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Gaston County Council of Understanding discusses future of Confederate statue

The statue at the center of the debate was gifted to the County in 1912 by the United Daughters of the Confederacy. It was moved to its current location in 1998.

GASTON COUNTY, N.C. — The Council of Understanding in Gaston County met for the first time Tuesday to discuss the future of the Confederate statue outside the Gaston County Courthouse.

The Council of Understanding is made up of 12 members with differing viewpoints. The meeting Tuesday established the ground rules for discussions, covered the legalities of moving the statue, provided history of the monument, and allowed each member the chance to share their perspective.

The statue at the center of the debate was gifted to the County in 1912 by the United Daughters of the Confederacy. It was moved to its current location in 1998.

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Jason Luker, director of the Gaston County Museum of Art and History, said at the meeting that the statue was to commemorate the bravery of the Gaston County soldiers who served in the Confederate Army during the Civil War.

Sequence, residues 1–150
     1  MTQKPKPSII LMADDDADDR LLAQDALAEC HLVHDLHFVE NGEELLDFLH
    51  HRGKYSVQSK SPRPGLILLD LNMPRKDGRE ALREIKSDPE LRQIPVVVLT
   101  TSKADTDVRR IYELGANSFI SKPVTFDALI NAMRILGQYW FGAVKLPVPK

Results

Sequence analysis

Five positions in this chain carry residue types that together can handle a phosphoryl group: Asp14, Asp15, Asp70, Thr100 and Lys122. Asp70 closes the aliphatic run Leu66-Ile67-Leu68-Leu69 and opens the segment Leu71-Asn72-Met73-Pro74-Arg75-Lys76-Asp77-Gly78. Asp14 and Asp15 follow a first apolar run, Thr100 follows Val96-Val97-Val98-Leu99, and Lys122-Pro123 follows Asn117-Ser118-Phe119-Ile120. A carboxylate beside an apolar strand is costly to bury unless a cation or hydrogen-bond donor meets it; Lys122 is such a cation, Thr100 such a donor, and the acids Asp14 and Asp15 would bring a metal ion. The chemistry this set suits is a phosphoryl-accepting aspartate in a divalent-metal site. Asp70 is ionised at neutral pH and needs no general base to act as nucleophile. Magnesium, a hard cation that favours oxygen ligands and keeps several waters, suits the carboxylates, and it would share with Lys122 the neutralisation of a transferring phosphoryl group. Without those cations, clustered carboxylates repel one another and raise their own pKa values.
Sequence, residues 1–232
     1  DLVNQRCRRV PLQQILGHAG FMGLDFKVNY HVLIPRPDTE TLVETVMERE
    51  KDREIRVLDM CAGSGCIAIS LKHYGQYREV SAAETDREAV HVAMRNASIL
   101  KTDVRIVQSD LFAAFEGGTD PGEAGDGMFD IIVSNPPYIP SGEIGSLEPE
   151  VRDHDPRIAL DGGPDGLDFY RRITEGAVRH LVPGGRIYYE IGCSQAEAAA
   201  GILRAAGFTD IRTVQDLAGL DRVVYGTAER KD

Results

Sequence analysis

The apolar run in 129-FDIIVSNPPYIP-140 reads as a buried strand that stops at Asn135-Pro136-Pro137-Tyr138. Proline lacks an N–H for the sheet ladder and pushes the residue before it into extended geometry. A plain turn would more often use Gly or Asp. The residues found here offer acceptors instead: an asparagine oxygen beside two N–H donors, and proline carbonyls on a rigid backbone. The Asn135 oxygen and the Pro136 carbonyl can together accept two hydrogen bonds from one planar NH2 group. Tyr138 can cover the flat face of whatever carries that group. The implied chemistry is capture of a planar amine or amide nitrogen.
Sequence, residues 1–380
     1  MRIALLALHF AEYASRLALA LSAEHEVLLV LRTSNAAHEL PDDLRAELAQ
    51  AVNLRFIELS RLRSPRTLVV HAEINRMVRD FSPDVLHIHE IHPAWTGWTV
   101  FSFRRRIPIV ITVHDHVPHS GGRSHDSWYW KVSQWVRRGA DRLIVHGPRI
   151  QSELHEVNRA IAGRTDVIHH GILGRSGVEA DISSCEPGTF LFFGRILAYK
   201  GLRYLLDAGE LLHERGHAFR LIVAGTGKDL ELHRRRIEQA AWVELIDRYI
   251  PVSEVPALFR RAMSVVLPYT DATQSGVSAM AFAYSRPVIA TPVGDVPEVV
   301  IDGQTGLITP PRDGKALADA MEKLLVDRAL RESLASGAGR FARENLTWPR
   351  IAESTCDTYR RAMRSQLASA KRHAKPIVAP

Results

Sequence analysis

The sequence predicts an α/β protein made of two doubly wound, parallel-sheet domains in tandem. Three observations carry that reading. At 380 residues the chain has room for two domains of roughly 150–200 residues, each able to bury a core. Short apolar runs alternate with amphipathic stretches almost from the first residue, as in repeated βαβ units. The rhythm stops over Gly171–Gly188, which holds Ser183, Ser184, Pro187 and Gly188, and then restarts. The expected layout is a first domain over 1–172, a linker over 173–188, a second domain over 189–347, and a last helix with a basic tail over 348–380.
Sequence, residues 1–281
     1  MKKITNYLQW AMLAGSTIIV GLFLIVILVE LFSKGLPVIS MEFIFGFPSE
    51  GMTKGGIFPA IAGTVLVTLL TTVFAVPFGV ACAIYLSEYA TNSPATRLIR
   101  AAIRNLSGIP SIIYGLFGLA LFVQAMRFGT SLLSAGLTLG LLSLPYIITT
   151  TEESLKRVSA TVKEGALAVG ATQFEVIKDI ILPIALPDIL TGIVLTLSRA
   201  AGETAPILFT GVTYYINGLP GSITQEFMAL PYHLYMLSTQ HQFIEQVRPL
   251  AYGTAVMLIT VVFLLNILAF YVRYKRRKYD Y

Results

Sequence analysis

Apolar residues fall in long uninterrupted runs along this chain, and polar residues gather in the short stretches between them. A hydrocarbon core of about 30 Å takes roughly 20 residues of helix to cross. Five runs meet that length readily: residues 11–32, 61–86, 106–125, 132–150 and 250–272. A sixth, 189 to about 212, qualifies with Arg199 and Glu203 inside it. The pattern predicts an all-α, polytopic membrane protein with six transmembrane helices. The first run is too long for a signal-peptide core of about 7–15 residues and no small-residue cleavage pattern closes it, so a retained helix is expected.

According to County history records, the installation of the monument in 1912 also falls in line with the Lost Cause movement happening throughout the South at the time, where Southern historians, politicians, and civic leaders redefined the Civil War, questioned the held belief on why the war took place, and greatly emphasized the strength and bravery of the Confederate soldier. 

"Monuments were placed in public spaces, especially in front of court houses to remind White Southerners what to honor,” Luker said, “while also reminding Black Southerners that they should not expect equal treatment as to their White neighbors."

James Muhammad, a member of the Council of Understanding, said the statue is a divisive issue in the community.

"It represents a lot of pain and suffering for my people,” Muhammad said. “It tells me that there's a mindset here in Gastonia that's not changed."

William Carter, a citizen who came to the meeting, said he doesn’t want to see the statue removed because of the history it stands for.

Carter said, "I see a generation of Southern men who fought for the preservation of state sovereignty, which was destroyed at the end of the Civil War." 

The Council of Understanding will meet again on Thursday to continue the discussion.

The council will meet until it has reached a decision to recommend to the Board of Commissioners for action.

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